The National Center for Evidence-Based Practice
in Communication Disorders
Home      PCHL-Assessment-Audiologic-Otoacoustic-Emissions

Permanent Childhood Hearing Loss
Audiologic Assessment

Otoacoustic Emissions (OAE) 


External Scientific Evidence

Evidence-Based Practice Guidelines
New York State Department of Health, Early Intervention Program; U.S. Department of Education

Clinical Practice Guideline: Report of the Recommendations. Hearing Loss, Assessment and Intervention for Young Children (Age 0-3 Years)
New York State Department of Health, Early Intervention Program. (2007).
Albany (NY): NYS Department of Health, Publication No. 4967, 354 pages.

Added: July 2012

This evidence-based and consensus-based guideline provides recommendations for the assessment and intervention of hearing loss for young children ages birth to three. The guideline targets parents and professionals. Recommendations of interest to audiologists and speech-language pathologists include screening, assessment, and management of hearing and assessment of communication. Each recommendation is provided with a strength of evidence rating defined as Level A (strong evidence), Level B (moderate evidence), Level C (limited evidence), Level D1 (consensus panel opinion based on topics where a systematic review has been conducted), and Level D2 (consensus panel opinion not based on findings from a systematic review).

OAEs should be incorporated as part of the audiologic test battery. However some limitations are noted, specifically:
  • OAE results will not yield information regarding the degree and configuration of hearing loss.

  • Lack of emissions does not verify that permanent hearing loss is present.

  • OAE test results alone will not identify children with hearing loss due to auditory neuropathy.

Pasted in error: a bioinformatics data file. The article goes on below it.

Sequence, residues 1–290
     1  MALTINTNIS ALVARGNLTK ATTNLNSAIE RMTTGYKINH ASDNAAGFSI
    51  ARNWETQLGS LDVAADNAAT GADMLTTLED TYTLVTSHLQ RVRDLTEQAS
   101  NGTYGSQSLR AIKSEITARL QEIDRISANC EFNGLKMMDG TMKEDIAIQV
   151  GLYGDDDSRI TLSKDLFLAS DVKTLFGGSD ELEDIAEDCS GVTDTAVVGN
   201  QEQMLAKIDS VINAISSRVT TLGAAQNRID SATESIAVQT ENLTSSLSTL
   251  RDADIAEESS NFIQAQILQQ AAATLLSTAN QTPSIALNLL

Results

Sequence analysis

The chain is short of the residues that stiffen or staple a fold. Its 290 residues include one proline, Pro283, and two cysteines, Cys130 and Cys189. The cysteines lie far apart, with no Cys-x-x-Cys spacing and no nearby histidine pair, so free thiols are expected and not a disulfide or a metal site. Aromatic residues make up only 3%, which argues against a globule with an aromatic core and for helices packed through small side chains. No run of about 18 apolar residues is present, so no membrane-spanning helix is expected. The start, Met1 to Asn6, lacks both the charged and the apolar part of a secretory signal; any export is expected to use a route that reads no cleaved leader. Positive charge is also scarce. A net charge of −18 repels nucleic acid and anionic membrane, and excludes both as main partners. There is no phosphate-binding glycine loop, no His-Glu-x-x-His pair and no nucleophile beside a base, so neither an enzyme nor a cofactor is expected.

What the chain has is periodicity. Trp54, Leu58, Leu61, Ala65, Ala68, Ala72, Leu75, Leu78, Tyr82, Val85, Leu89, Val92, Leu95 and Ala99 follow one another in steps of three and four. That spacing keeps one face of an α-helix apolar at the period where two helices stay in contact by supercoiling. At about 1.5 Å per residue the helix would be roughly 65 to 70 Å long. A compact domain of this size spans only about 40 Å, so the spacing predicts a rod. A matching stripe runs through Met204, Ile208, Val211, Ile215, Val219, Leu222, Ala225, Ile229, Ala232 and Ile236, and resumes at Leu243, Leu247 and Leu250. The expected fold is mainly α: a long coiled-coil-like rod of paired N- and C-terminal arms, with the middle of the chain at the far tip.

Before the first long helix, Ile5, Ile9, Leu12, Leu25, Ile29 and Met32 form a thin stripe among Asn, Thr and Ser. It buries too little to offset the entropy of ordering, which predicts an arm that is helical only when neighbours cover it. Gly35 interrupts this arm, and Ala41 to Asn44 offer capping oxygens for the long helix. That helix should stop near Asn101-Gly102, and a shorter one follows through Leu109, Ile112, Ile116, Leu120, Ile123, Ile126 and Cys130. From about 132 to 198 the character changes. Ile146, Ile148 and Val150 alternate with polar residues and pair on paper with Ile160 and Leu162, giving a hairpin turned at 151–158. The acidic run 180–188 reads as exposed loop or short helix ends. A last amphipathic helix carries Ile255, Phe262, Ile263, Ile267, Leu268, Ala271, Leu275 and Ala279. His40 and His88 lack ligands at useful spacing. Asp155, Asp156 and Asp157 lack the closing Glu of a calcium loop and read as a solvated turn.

• Middle ear pathology, environmental noise and other factors may affect OAE results (Level C Evidence).

  • “It is recommended that the decision to perform a cochlear implant not be based solely on the results of the behavioral audiogram or electrophysiologic studies” (Level D2 Evidence) (p. 161).

» See full summary and quality ratings

Evidence-Based Systematic Reviews
Diagnostic Challenges and Safety Considerations in Cochlear Implantation Under the Age of 12 Months
Vlastarakos, P. V., Candiloros, D., et al. (2010).
International Journal of Pediatric Otorhinolaryngology, 74(2), 127-32. 
Added: July 2012

This is a systematic review of the literature examining the diagnostic, surgical, and anesthetic challenges associated with cochlear implantation in children before the age of 12 months.

  • “Visual reinforcement audiomentry (VRA) which may be used for behavioral testing in late infancy, is not applicable in young infants, due to their inability to make reliable direct head-turn responses towards sound sources. In addition, children with additional disorders as well as prematurity may also not be able to complete VRA testing. Objective audiometric tests (OAE, ABR, and ASSR) may be the only method of assessing candidacy for early cochlear implantation…” (p. 128).

  • “OAEs… display results in impaired and normal-hearing populations. Although their sensitivity and specificity can be improved with different analysis tools, they remain useful only in the hearing screening stage and in identifying children with auditory neuropathy. OAEs are totally inadequate, however, in the diagnosis of profound deafness, as they are not able to discriminate an infant with moderate, severe, or profound deafness” (p. 129).

» See full summary and quality ratings

Clinical Expertise/Expert Opinion

Consensus Guidelines
American Academy of Audiology

Audiologic Guidelines for the Assessment of Hearing in Infants and Young Children
Retrieved from
Added: May 2013

This guideline provides recommendations for the assessment of auditory function in infants and young children. The target audience of this guideline is audiologists. Select recommendations are provided below; for the full set of recommendations, please review the guideline document.


  • A pediatric audiologic assessment test battery includes a case history, otoscopy, behavioral observation, visual reinforcement audiometry, conditioned play audiometry, physiologic assessments (e.g., tympanometry, otoacoustic emission testing), and electrophysiologic audiometry (e.g., auditory brainstem response, auditory steady state response).

  • OAEs are not a direct measure of hearing but instead evaluate cochlear/outer hair cell function. "OAEs provide information about the status of auditory periphery and, in the absence of middle ear disorder, the likelihood of sensory hearing loss" (p. 30).

  • As part of a pediatric audiologic test battery, OAEs can help predict auditory sensitivity and provide information to determine the site of the auditory disorder or establish the type and degree of hearing loss.